Should NASCAR start an electric car division?

DETROIT, MICHIGAN - Car racing is a huge "sport" in the United States, so it's a big deal when a major automaker such as General Motors announces it's cutting back on its sponsorship of NASCAR events.

According to a recent story from Associated Press, "That seems to be just the first step in what could be a huge drop in support by GM, Ford Motor Co. and Chrysler LLC for tracks and teams in the NASCAR's top three professional divisions."

The obvious explanation is that U.S. automakers are in financial trouble, so sponsorships tend to be the first expenses to go. Less obvious – and wildly speculative – is that they may be reconsidering the optics of having loud cars zipping around a track senselessly burning fuel and spewing emissions.

Car enthusiasts will tell us auto racing serves an important purpose — and to be fair, in many respects, it has. As one letter to the editor pointed out, "Auto racing has either invented or improved a number of innovations we use on our cars every day." The list includes rear-view mirrors, traction control, better tire design, advanced breaking and better fuel-injection that has improved fuel economy and lowered emissions.

If that's the case, you'd think NASCAR would be on top of the automotive world's leading trend: electric drive systems and the move toward plug-in vehicles. If GM is betting the farm on its electric Volt car, NASCAR doesn't appear to be following — let alone leading.

It's not uncommon for presidential candidates to sponsor NASCAR racers, but Barack Obama decided against it this month. "Stock car racing could be seen as being antithetical to any green automotive policies that Obama might support," a recent entry on the blog Autobloggreen speculated.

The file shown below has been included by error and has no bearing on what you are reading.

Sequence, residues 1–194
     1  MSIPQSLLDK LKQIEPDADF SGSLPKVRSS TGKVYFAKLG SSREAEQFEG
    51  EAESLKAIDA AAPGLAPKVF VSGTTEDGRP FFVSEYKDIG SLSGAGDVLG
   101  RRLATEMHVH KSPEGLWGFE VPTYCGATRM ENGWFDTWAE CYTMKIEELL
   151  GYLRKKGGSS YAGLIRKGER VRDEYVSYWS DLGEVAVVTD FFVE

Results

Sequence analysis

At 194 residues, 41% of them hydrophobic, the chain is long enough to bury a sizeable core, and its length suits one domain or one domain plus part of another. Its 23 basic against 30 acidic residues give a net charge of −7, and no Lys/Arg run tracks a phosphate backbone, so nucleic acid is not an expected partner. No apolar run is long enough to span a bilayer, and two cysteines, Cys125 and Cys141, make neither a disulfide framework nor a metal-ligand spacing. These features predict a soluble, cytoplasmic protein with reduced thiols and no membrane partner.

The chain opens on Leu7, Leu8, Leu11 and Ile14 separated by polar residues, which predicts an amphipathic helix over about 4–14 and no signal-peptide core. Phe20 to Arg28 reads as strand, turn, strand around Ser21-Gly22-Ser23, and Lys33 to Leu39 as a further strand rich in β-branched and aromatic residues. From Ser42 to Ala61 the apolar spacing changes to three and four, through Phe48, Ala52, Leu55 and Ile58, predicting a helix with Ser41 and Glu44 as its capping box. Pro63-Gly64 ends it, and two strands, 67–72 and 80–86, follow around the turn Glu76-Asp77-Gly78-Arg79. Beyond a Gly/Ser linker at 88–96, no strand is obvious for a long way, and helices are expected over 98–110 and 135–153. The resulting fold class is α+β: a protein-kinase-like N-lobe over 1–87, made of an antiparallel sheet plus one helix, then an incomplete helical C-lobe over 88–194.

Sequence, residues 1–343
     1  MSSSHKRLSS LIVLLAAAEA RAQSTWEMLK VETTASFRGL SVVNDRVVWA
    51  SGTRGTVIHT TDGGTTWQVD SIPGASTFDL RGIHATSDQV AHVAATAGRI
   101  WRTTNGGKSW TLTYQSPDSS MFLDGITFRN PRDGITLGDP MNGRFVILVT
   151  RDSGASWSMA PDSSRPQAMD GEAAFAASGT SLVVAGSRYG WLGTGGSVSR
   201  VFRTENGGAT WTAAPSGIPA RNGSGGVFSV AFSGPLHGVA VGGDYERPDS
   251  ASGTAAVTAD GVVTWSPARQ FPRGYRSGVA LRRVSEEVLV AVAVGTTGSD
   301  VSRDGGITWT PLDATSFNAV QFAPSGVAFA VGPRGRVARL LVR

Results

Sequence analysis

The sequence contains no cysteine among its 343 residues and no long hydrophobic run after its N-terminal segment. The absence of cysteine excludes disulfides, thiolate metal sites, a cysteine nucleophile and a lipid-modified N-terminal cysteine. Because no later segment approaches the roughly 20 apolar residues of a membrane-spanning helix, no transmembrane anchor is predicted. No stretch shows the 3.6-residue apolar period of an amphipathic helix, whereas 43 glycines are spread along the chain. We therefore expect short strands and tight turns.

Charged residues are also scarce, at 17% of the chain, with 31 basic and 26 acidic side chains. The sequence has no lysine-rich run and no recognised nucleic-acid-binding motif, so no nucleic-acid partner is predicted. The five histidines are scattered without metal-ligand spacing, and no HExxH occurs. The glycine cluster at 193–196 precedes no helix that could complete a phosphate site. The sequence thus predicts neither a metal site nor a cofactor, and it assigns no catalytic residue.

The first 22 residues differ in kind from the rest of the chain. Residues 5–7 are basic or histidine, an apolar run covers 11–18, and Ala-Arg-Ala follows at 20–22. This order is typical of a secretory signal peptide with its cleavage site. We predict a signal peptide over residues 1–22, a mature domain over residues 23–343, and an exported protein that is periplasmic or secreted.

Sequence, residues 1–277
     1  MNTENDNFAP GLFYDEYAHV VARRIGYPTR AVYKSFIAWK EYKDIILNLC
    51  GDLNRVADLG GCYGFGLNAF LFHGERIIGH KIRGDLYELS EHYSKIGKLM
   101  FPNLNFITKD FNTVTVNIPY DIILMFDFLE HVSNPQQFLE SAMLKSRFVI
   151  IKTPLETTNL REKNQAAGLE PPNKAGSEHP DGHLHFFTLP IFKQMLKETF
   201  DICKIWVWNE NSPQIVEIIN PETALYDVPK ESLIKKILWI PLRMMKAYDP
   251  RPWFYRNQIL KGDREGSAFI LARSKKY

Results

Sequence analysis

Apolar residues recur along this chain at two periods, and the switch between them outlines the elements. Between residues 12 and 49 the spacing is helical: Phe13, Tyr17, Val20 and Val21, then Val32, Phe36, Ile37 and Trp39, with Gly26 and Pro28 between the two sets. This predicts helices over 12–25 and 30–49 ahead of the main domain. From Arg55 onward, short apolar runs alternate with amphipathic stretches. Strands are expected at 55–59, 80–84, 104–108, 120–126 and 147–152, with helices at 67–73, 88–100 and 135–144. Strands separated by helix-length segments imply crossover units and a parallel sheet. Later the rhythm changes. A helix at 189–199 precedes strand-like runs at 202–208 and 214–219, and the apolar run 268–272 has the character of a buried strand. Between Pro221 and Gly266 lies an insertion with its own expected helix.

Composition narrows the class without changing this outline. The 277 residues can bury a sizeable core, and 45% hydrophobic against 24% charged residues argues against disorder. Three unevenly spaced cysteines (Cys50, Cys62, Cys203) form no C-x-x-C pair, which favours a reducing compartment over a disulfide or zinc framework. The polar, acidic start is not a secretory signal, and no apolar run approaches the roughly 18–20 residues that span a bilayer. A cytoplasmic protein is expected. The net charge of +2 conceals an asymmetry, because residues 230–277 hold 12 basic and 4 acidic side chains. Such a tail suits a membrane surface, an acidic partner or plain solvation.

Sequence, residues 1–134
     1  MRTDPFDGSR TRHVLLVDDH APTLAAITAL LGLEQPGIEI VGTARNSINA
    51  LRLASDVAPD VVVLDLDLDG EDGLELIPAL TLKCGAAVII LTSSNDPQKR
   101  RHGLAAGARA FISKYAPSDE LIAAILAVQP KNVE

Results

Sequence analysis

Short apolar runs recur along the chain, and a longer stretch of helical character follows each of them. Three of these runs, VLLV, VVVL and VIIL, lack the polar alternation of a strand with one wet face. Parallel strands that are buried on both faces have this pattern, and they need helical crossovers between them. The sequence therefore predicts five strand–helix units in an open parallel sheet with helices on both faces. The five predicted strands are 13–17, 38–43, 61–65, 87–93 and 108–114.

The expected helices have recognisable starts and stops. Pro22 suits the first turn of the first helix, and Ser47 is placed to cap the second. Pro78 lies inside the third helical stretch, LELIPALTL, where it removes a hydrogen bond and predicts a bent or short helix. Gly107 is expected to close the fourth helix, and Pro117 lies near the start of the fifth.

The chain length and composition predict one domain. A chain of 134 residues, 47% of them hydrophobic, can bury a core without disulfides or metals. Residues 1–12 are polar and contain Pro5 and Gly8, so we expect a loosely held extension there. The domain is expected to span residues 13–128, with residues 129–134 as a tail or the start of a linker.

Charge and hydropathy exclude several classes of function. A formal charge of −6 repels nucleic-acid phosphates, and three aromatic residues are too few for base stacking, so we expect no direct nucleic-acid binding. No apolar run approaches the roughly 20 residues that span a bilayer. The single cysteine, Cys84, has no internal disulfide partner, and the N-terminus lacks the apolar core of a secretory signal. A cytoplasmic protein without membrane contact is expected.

So here's my suggestion: What about starting a NASCAR division dedicated to the racing of electric cars? Cars could be repowered during pit stops with battery swaps. Each team would be allowed a certain number of batteries. That way, teams aiming to win would have to focus on improving battery range and power density.

This sounds like a better way to drive innovation in a world trying to wean itself off oil. When former U.S. vice-president Al Gore challenged Americans to move toward a carbon-free electricity system within 10 years, many wondered why he focused on electricity and not transportation fuels.

Truth is, he was focusing on both. Gore emphasized a need to invest in a "unified national grid" that could tap into renewable power sources from across the continent — wave and wind on the coasts, solar and geothermal in the southwest, wind farms in the Midwest, and hydroelectric in the north.

He suggested such a grid could be made more efficient by connecting them to a national fleet of electric cars to "sharply reduce the cost of driving a car, reduce pollution, and increase the flexibility of our electricity grid."

Canada take note.

When people tell me about the problems with renewable energy technologies — that they're intermittent, not reliable, and too costly as a result — I wonder whether the bigger picture is being seen. The grid and transportation are destined to become more closely intertwined in coming decades as we seek energy efficiency and security.

Take the issue of energy storage. Critics like to point out that wind, for example, is useless unless we have an economical way of storing its energy and dispatching that energy when we need it. They argue affordable, large-scale storage simply doesn't exist.

But fast-forward a decade or two. Imagine a million cars connected to the grid charging up only when the wind blows and the sun shines. Imagine being able to sell power from your electric car back to the grid for a premium. Imagine utilities buying up used car batteries on the cheap, stitching them together and creating massive storage banks used to smooth out demand and supply on the grid.

Tony Posawatz, senior engineering executive heading up GM's Volt program, told Reuters last month the car maker has already been approached by several utilities about the idea of redeploying used lithium-ion car batteries to store renewable energy for use when electricity demand is highest.

These aren't wild and crazy dreams. These are real discussions in support of a powerful, world-changing trend. GM is serious about it, and so are the utilities. As one analyst told Reuters, the Volt represents "the big paradigm shift" – and the international community is watching.

Moving ahead with the expansion and modernization of any electricity system without considering this trend is simply irresponsible. As for NASCAR, staging an all-electric event might help solve its sponsorship woes.


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